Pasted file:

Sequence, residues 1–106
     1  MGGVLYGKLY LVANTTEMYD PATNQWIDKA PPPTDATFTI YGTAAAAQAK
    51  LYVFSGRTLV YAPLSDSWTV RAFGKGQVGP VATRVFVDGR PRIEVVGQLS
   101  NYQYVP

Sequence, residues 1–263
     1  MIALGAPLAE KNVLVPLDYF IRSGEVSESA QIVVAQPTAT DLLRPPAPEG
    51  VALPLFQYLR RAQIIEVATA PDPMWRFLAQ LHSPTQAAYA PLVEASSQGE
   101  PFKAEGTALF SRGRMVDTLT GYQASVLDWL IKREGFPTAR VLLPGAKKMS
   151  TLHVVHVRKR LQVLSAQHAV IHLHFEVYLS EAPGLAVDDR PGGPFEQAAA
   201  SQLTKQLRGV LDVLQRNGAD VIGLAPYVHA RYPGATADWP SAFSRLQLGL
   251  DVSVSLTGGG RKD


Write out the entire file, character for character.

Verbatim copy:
Sequence, residues 1–106
     1  MGGVLYGKLY LVANTTEMYD PATNQWIDKA PPPTDATFTI YGTAAAAQAK
    51  LYVFSGRTLV YAPLSDSWTV RAFGKGQVGP VATRVFVDGR PRIEVVGQLS
   101  NYQYVP

Sequence, residues 1–263
     1  MIALGAPLAE KNVLVPLDYF IRSGEVSESA QIVVAQPTAT DLLRPPAPEG
    51  VALPLFQYLR RAQIIEVATA PDPMWRFLAQ LHSPTQAAYA PLVEASSQGE
   101  PFKAEGTALF SRGRMVDTLT GYQASVLDWL IKREGFPTAR VLLPGAKKMS
   151  TLHVVHVRKR LQVLSAQHAV IHLHFEVYLS EAPGLAVDDR PGGPFEQAAA
   201  SQLTKQLRGV LDVLQRNGAD VIGLAPYVHA RYPGATADWP SAFSRLQLGL
   251  DVSVSLTGGG RKD